I’m not saying that a little more rationality wouldn’t be helpful. I’m saying the pointing to this and saying it’s irrational and maybe stupid is not the most interesting thing that can be said about it. It is more fascinating to look for what is incentivizing the irrationality. There’s a very rational (in the sence of effective for getting what you want) negotiating tactic I heard about in one of Eric Flint’s books. The negotiator points at Crazy Joe muttering to himself in the corner and says ‘He and his friends are saying that if you don’t double their salaries they are not only going to strike, they’re going to be throwing rotten eggs at you come into the office and showing up at your house at midnight with bullhorns. But I know these people and can talk their language. I can get them to calm down. But you have to give me something in exchange. A ten percent raise doesn’t sound so crazy compared to double the salaries, does it? And besides, if you don’t make a deal with me, you’ll end up having to negotiate with Crazy Joe.’ And the business manager is so aghast by Crazy Joe’s demands that he ends up agreeing that ten percent is not as extreme as he first thought. The fact that there is a crazy extreme getting a lot of attention, can make the only rationally extreme seem moderate. This sort of tactic doesn’t have to be disingenuous, or even conscious. In fact, If you eject (or steam roll into moderation) too many people for being more extreme than you are, not only do you weaken your negotiating position, you can get evaporative cooling in the direction of agreeing with your opponent. Of course the people of the extreme extreme don’t need to know, and certainly can’t admit in public, that they are just being used to make other positions look good. When you combine that with the fact the SJWs have trouble coming to terms with the fact you can’t make everyone happy all of the time, the extreme extreme can spiral out of control in a way that is very hard to stop.

Right, which is why I don't postulate a simulated universe as the explanation for existence.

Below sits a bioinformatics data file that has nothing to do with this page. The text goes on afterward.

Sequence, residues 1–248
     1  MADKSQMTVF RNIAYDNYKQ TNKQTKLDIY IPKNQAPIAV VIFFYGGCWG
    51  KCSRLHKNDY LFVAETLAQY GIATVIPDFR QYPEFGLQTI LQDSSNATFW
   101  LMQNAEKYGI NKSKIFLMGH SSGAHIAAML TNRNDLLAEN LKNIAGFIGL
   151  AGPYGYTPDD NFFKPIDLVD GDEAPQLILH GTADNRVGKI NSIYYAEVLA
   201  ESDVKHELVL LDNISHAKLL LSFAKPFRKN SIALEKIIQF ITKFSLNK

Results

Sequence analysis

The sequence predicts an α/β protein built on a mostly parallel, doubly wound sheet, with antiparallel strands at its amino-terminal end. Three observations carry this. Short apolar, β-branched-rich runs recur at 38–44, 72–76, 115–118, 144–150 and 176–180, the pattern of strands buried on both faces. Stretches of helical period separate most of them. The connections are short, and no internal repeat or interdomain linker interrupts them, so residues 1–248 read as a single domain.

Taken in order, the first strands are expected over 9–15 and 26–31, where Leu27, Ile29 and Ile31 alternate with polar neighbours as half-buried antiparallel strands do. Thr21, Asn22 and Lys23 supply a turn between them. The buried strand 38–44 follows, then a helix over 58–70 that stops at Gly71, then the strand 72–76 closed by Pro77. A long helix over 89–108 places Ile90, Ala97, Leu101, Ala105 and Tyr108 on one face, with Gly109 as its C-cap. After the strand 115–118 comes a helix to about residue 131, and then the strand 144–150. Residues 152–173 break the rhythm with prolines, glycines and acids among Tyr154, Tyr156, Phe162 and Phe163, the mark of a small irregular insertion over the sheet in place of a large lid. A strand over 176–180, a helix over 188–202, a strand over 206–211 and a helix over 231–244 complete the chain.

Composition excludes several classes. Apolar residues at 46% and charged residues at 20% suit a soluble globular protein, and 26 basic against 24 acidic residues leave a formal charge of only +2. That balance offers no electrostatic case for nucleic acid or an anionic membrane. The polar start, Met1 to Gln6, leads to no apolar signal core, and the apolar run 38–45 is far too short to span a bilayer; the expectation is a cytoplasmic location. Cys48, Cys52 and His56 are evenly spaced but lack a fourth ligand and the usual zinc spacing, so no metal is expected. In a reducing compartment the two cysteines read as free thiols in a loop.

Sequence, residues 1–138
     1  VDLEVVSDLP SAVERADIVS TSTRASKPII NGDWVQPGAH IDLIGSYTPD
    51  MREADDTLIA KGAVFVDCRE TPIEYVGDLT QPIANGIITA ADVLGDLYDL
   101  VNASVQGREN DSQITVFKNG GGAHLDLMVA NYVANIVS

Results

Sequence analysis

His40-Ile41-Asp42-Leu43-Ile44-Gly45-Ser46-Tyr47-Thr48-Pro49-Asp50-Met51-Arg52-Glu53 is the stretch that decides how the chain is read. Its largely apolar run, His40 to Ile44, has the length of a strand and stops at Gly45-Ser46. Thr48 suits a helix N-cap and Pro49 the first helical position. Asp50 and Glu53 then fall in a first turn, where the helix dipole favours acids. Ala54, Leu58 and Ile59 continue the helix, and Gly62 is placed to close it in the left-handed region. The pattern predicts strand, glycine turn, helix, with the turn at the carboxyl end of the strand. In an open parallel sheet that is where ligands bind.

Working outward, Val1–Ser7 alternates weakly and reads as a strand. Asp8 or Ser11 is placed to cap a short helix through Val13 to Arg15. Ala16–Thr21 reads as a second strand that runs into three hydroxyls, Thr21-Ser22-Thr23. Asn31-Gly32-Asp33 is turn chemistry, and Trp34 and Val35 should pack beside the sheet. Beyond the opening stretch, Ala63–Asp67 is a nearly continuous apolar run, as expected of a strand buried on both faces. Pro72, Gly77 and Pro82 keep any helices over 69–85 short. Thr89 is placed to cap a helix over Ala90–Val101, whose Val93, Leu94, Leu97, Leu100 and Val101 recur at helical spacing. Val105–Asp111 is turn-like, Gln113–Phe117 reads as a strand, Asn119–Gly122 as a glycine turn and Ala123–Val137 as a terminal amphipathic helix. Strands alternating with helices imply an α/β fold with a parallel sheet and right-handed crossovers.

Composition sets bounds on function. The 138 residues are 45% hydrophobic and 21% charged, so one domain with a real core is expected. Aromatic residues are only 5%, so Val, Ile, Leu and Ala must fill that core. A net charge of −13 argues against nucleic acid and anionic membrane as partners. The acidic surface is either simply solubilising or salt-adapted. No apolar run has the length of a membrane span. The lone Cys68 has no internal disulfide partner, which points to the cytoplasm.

Positing a hyper-powerful creative entity seems not that epistemologically reckless

How about epistemicologically useless? What caused your hyper-powerful creative entity? You haven't accomplished anything, you've just added another black box to your collection.

Can you explain how a simulated universe, for instance, is more useful than deism? Doesn't it also simply move the question of ultimate origins back a step?
It is a progress from "here is a black box and I don't know what is inside" to "here is a black box and I believe there is a magical fairy inside".

Cynical, but is it actually true? It seems to me that a lot of people are actually quite strongly committed to the cause of the environment, or defense against terrorists. They do not necessarily take effective action for those causes, but they would certainly vote for someone who signalled similar commitment.

I think it is true. So true. People whom I have upbraided for selling rare flowers or digging vegetable gardens on protected territories immediately began to talk about oligarchs having private residences in our beloved forests and why am I not doing anything about that?..

How many slaves were there in the Paleolithic?

See my other comment in this subthread.

Unfortunately I cannot communicate why I think Christianity is true; it's a gestalt thing - it just makes sense, it can't be any other way in the light of all the evidence.

-- Any number of quite successful CEOs, neurosurgeons, writers.